At this juncture, it is to be noted that only 1% of the total population pays the Income tax as per the official Government published data, of which persons filing return of income on cash basis as well as persons filing return of income under the head “salaries” plus persons who are not liable to tax audit in the preceding previous year would go out of 1% of the said population. So, compliance with ICDS is an additional requirement, for few persons, will increase the compliance burden and cost in the hands of the taxpayers and would thus defeat the purpose of ICDS in terms of simplification of processes. Therefore, it is to be pondered, whether there would be any increase in revenue to the Government because, generally, in ICDS, there is pre-ponement of income.
In fact, Income tax Simplification Committee, set up by Ministry of Finance and chaired by Justice R. V. Easwar (Retd.) in its report containing first batch of recommendations has rightly made the following observations w.r.t. ICDS.
“Taxpayers are already grappling with regulatory changes of the Companies Act, 2013 Ind-AS and the proposed GST. Industry should be allowed more time to deal with another change of this nature. The Committee understands that the taxpayers feel that many of the provisions of the ICDS are capable of generating, a legal debate about which at present there is no clarity.
Further, multiple accounting methods, one for the books of account and other for tax purposes, creates confusion, interpretation issues, multiplicity of records and additional compliance burden which may outweigh the gains to be obtained by the application of ICDS. It has also been felt by the Committee that ICDS deals only with the method of accounting and at best it brings timing differences on recognition of expenditure or income as compared to the books of account. The Committee therefore feels that a fuller study of the implication of the ICDS is necessary before it is implemented”.
Recently, the Indian Accounting Standards (“Ind AS”) were notified by the Ministry of Corporate Affairs wherein companies may voluntarily adopt Ind AS for financial statements for accounting periods beginning on or after April 1, 2015 with the comparatives for the period ending March 31, 2015 or thereafter. Once a company opts to follow Ind AS, it will be required to follow the same for all the subsequent financial statements.
Further, there could be earlier judicial rulings which are based on the relevant provisions of the Act and as well as accounting standards, where the courts interpreted the law on the basis of such accounting standards. These judicial rulings would now have to be reconsidered in light of the requirements of ICDS, as the method of accounting is now subject to ICDS.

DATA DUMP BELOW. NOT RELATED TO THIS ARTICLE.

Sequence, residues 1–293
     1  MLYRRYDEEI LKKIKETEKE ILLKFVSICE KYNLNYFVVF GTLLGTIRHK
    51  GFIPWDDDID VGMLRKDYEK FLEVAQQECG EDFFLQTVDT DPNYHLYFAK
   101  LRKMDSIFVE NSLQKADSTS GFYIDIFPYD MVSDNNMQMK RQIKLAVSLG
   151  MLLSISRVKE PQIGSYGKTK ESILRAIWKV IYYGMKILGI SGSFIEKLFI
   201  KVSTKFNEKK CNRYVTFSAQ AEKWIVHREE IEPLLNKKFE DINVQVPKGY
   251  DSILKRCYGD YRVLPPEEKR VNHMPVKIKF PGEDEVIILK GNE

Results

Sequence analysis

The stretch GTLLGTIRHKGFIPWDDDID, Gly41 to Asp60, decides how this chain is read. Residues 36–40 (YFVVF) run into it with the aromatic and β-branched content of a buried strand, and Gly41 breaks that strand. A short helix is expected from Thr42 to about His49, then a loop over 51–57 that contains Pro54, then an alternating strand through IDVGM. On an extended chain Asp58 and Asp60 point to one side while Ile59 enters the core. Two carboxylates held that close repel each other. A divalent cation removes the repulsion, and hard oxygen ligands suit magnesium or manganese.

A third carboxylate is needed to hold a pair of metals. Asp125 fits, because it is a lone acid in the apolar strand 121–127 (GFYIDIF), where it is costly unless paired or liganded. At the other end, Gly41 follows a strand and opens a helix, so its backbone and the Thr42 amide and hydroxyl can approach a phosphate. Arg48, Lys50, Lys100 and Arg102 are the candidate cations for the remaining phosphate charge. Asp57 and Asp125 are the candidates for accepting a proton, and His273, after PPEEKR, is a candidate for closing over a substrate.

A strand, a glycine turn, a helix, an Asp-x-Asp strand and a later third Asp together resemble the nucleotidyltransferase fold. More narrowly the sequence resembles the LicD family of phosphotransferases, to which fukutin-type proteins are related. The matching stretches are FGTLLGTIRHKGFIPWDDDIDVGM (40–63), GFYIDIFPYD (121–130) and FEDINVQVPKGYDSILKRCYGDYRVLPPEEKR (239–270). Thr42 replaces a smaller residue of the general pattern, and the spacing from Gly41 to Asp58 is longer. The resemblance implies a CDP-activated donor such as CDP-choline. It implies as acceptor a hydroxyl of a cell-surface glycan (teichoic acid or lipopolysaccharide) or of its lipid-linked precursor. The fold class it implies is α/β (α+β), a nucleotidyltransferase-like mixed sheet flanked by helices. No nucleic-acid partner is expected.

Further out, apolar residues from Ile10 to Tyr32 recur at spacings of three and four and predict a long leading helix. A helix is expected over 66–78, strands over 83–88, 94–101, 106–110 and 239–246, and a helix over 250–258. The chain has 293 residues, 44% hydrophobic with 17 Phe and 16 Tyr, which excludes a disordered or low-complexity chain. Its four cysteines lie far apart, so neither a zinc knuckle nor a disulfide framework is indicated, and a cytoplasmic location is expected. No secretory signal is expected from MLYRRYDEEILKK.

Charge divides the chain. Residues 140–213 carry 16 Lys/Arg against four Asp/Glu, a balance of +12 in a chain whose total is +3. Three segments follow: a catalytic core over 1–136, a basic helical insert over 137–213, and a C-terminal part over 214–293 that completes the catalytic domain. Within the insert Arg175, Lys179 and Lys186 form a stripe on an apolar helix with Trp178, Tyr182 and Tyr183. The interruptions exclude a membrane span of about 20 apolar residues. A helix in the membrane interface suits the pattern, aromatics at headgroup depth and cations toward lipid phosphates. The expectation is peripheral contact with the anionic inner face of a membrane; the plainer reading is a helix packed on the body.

Thus, it would defeat the very purpose of ICDS of bringing certainty in tax and reduction of litigation.
Currently, profits reflected as per the normal accounting standards is accepted as a basis for determining taxable business income subject to specific provisions contained in Chapter IV-D of the Act. However ICDS does not recognise the universally-accepted principles of ‘prudence’ even though the same has been accepted by the courts for tax purposes. Non-recognition of the principle of prudence will lead to taxable profits being overstated. Also, such a deviation adopted by ICDS is bound to lead to litigation.
It is strongly felt that the revenue department has introduced section 145(2) and the ICDS, to reverse the impact of some of the decisions of the Supreme Court and various High Courts. In the revenue’s zeal to take some corrective action, a huge unproductive compliance burden without any substantial benefit to exchequer, has been imposed on the business community, which is certainly not helping in improving the
image of India as a favourable investment destination.
We, therefore, suggest that in the interest of making India a highly attractive place for doing business and for the furtherance of stated policies of the Government of ‘Make in India’ and ‘Ease of doing Business in India’, section 145(2) and the notified ICDS should be abolished.
H. N. Motiwalla